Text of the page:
“All the Little Boxes,” choreographed by Dana Genshaft. Photo by xmbphotography.
Alone on stage or with a partner who is sensitive to her extraordinary moves, The Washington Ballet’s adored Maki Onuki mesmerizes an audience no matter the technique nor the style of dance. She’s pure and cerebral in the ballet classics and feisty and fun in more modern works. This was evident in the latest installment of “NEXTsteps” which opened on October 12 at the Sidney Harman Hall in DC.
Julie Kent is a visionary and has taken lots of risks since she first took over the role of Artistic Director in 2016. Longtime fans of the company were skeptical of the prima ballerina from American Ballet Theatre and feared she might re-work old warhorse ballets like “Swan Lake” and “Giselle.” As it turns out, Kent did choose these classics for early programs at the Kennedy Center, but they were much more diverse with her own imprint and a vitality that still lingers in our memories.
…it was a sunlit and sparkling triple bill with a touch of autumn warmth.
She brought in new dancers from diverse backgrounds and technical skill. She maintained her association with American Ballet Theatre and former director, Kevin McKenzie. She introduced “NEXTsteps” that offers the dancers the chance to explore new ideas and a different approach to choreography. The result is well-rehearsed performances with much appreciation from the audiences.
Before curtain, she bounded onto the stage and shared her enthusiasm with her supporters as she addressed the audience from her program notes, “This season’s NEXTsteps program heralds the vigor and energy of the year ahead. Not only do we welcome the return of three brilliant choreographers in Silas Farley, Dana Genshaft, and Andile Ndlovu, we also introduce eight new dancers to our Studio Company! The continued evolution of the company is on full display, as artists, both new and seasoned, come together for a diverse and engaging program of new works.” For this writer, it was a sunlit and sparkling triple bill with a touch of autumn warmth.
The curtain rose on “All the Little Boxes,” a fascinating collaboration between the choreographer, Dana Genshaft and Lighting Designer Brian Jones. Spaces for the dancers were outlined and provided a close look at specific moves and gestures. Perhaps the essence of the piece is about how we recover from the challenges of the pandemic, what we do to get through, and how we meet the challenges day-to-day. Set to a jarring soundscape followed by inspirational music and a dedication to Her Majesty Queen Elizabeth II, the costumes, created by Lauren Starobin with sheer material that you see in today’s fashion world. It should be noted that they shaped the dancers’ bodies but didn’t hinder the slides, falls, turns, and leaps across the stage.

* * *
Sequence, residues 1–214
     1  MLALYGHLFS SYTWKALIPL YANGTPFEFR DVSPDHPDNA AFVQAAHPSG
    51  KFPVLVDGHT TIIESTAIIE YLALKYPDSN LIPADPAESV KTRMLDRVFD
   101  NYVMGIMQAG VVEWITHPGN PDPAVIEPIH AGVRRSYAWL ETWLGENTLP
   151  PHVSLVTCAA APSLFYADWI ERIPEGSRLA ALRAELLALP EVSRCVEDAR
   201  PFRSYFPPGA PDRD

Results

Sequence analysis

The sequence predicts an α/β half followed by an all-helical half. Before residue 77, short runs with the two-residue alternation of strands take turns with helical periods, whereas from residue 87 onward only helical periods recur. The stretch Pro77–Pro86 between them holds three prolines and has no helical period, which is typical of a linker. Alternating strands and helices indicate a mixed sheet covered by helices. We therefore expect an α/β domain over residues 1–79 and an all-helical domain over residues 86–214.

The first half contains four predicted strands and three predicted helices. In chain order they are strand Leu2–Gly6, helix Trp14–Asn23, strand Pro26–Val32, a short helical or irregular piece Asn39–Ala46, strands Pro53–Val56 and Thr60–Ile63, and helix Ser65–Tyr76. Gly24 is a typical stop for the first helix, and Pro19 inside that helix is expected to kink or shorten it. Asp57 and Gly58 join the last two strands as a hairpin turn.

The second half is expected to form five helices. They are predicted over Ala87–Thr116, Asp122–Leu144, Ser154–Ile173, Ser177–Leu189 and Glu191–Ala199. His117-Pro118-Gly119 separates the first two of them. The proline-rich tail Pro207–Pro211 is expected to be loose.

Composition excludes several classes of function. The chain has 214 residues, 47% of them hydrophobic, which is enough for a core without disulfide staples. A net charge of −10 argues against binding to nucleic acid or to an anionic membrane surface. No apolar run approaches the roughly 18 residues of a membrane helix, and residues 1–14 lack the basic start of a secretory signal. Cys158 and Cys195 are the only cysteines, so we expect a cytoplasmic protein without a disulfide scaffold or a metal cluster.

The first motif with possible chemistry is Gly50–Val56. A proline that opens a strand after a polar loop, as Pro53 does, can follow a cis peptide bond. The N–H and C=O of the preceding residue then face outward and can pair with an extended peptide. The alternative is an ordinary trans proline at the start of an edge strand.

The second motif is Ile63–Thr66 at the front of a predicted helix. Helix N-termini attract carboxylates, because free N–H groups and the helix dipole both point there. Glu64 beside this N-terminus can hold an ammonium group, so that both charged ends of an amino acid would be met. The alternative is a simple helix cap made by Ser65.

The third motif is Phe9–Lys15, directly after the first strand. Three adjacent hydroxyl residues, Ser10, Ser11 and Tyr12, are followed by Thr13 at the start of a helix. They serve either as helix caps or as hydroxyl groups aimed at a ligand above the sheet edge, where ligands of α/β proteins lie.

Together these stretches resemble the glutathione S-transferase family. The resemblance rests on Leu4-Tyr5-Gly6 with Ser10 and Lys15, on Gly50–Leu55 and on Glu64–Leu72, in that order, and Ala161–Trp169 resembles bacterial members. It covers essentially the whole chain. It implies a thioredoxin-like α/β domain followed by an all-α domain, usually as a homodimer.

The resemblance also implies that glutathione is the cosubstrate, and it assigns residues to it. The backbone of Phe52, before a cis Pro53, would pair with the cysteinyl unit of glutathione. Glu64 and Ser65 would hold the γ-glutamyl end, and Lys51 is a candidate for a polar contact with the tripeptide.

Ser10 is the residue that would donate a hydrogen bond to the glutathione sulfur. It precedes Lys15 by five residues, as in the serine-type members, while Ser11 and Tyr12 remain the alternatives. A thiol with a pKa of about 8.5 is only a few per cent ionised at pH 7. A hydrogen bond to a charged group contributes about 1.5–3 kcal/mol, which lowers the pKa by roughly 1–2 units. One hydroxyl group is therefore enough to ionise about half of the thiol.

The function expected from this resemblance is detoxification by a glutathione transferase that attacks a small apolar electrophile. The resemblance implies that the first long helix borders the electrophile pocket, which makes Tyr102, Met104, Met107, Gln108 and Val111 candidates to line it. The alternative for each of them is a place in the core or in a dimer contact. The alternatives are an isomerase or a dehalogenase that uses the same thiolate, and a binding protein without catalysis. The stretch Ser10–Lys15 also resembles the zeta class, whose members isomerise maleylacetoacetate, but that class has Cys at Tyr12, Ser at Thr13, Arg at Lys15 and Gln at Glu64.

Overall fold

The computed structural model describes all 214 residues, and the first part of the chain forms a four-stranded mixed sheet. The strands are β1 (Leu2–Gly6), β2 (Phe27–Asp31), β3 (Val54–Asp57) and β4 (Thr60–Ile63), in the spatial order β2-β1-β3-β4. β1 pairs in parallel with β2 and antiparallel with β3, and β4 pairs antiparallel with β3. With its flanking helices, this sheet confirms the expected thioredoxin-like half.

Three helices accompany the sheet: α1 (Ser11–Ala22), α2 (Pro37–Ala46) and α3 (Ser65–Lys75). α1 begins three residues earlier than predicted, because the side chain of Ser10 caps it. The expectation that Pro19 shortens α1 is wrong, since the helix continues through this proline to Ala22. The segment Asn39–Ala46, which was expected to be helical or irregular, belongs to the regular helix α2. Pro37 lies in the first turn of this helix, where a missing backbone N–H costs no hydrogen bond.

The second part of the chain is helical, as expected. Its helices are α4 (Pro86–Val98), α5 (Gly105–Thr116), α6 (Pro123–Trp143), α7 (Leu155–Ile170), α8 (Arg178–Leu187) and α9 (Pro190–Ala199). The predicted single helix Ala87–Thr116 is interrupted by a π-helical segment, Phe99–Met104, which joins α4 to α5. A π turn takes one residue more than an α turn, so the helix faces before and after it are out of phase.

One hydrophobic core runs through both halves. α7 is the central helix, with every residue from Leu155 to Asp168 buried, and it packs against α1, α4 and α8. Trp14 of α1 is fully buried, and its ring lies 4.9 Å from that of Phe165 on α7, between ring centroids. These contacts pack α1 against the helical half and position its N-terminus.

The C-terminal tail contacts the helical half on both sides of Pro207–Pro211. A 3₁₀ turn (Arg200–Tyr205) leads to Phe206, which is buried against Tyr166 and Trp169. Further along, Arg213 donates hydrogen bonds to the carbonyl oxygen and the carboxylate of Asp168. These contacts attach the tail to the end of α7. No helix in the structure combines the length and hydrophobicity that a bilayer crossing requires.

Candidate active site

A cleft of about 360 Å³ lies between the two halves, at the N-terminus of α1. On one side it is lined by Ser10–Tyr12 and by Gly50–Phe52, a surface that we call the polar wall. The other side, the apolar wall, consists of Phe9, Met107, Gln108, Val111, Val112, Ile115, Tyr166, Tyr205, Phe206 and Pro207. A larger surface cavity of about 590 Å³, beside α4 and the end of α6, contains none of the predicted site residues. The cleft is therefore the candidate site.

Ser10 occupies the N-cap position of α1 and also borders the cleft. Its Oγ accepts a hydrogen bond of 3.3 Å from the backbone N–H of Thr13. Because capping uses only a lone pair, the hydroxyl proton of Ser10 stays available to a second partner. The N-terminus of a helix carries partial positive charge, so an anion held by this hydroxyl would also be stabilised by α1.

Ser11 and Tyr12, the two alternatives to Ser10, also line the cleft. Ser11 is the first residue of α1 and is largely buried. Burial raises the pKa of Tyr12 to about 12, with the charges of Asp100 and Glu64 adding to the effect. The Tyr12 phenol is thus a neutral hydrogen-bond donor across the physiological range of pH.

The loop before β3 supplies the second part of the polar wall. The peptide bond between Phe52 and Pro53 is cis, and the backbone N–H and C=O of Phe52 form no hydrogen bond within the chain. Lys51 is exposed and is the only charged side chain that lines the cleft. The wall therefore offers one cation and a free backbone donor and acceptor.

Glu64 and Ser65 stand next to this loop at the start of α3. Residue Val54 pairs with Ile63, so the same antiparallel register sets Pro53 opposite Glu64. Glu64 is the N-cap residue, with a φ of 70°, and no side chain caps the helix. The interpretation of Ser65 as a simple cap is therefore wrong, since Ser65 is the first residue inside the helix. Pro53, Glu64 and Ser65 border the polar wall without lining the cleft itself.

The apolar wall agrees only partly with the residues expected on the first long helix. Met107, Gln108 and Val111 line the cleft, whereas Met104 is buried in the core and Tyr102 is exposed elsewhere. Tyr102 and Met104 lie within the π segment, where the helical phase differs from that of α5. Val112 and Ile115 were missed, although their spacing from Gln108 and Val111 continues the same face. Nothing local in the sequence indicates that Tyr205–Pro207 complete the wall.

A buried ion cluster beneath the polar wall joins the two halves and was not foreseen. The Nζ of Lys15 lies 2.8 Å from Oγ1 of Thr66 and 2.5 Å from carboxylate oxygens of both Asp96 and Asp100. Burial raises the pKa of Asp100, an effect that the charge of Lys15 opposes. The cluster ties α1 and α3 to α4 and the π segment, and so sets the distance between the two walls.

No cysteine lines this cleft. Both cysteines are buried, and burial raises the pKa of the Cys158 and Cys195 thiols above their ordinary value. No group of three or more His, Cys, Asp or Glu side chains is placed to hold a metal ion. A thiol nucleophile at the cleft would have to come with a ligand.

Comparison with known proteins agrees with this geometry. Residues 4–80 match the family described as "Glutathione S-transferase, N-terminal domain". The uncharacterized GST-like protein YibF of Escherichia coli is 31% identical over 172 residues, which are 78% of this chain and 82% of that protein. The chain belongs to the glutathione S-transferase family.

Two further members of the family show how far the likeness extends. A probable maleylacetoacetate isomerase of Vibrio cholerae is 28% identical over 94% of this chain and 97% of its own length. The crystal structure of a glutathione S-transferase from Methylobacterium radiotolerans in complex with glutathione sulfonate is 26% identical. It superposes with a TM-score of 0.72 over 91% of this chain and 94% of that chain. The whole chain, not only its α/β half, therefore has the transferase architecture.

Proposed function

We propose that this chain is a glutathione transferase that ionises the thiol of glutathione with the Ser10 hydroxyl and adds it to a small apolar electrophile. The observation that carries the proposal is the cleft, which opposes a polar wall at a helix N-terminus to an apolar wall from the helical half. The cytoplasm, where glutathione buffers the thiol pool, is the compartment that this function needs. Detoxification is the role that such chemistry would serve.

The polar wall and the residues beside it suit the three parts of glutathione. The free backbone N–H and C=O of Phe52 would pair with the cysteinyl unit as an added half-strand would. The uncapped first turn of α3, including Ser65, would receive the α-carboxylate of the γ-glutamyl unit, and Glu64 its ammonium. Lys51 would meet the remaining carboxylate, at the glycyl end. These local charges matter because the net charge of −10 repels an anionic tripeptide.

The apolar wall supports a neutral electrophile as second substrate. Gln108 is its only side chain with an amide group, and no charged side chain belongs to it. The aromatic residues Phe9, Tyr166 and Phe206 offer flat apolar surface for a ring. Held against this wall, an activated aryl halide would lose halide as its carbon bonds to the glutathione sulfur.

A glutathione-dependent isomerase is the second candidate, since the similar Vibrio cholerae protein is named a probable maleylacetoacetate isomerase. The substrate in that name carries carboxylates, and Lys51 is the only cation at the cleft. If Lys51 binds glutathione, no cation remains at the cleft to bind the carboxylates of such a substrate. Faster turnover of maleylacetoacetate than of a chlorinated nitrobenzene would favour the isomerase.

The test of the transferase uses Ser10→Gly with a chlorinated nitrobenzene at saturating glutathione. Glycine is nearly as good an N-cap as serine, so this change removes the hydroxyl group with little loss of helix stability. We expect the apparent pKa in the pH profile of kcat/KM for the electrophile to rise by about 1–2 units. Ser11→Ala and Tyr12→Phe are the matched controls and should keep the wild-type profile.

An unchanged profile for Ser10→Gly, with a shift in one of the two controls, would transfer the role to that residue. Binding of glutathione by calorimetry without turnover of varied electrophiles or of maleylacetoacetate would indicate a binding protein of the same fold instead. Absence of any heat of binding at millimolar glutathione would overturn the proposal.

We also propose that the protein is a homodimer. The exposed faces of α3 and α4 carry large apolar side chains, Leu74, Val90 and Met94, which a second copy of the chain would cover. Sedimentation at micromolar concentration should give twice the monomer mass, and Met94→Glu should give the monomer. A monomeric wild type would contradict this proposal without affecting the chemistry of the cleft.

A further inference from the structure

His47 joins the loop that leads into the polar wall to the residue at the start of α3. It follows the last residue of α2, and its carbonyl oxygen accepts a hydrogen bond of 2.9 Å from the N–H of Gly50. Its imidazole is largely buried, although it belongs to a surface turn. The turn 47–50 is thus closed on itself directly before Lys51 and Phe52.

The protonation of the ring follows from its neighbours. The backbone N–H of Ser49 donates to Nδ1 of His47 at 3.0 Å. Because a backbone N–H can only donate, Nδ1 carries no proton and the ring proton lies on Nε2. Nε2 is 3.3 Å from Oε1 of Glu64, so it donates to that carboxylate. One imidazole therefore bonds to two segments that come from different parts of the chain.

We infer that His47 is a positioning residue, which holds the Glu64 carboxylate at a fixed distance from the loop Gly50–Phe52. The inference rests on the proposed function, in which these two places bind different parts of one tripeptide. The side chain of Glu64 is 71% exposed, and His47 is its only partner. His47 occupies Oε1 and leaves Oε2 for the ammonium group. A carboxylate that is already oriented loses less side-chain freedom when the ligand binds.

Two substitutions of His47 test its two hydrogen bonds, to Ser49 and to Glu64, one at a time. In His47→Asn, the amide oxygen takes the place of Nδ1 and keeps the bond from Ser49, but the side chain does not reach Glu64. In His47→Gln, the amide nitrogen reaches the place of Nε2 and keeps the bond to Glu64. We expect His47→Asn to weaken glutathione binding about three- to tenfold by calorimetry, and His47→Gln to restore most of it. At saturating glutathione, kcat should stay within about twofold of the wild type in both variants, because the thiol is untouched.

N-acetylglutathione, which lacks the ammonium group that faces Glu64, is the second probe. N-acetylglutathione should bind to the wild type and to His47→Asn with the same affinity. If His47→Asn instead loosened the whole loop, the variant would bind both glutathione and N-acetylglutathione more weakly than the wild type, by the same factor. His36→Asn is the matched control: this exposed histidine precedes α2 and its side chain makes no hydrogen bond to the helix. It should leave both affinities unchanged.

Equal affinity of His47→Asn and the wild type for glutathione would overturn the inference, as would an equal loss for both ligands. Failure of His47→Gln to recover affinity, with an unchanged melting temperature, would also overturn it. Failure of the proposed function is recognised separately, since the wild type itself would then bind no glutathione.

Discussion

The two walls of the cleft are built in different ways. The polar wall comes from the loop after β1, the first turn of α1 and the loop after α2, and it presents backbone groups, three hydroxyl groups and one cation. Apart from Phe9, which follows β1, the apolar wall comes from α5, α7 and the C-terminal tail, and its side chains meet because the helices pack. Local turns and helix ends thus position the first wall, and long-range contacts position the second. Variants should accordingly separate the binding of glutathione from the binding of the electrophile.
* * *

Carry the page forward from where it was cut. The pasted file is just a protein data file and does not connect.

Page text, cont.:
The emerald green costumes by Cassia Farley in Silas Farley’s “Dowland Dances” are stunning and eye-catching as the dancers frolicked to John Dowland’s tunes that reminds one of the Renaissance Festival. One couple, Giancarlo Perez and Adelaide Clauss, danced a lovely duet to “Come Again,” while “My Lord Willoughby’s Welcome Home” featured the aforementioned ballerina Maki Onuki. “Downland Dances” ended with “Fine Knacks for the Ladies” with a full cast and dedication to Her Majesty Queen Elizabeth II. The program was a delight for Anglophiles.
“re:member,” choreographed by Andile Ndlovu. Photo by xmbphotography.
Andile Ndlovu of Johannesburg, South Africa is in his 10th season with The Washington Ballet. His delightful “re:member” closed the program with gaiety and frivolity. Small yellow balls that turned into gigantic beach balls were the main props for the six dancers who focused on play as an important aspect of life.
“In ‘re:member,’ we are tapping into nostalgia and reclaiming joy, putting back that which is broken,” notes Ndlovu in the online program. The work features three men and three women crossing space and time, interacting ping ponging off each other as if they were characters on a playground. Brian Jones’ lighting design worked magic in the closing dance. In a word, this work is FUN and much needed in the ballet world.
A note of congratulations goes to Jie-Siou Wu from the Studio Company who performed with the senior troupe in the opening ballet. We saw his talent at the Jim Rouse Theater in Columbia as a guest artist in L’Etoile’s classical program.
Running Time: Two hours with one 20-minute intermission.
The Washington Ballet’s “NEXTsteps” ran October 12-16, 2022 at Sidney Harman Hall, 610 F St NW, Washington, DC 20004. Stayed tuned for details on Julie Kent’s introduction of ABT’s Misty Copeland at the Smithsonian in November. “The Nutcracker” is the next production for the Company dancers. For more information on upcoming events and tickets, please click here.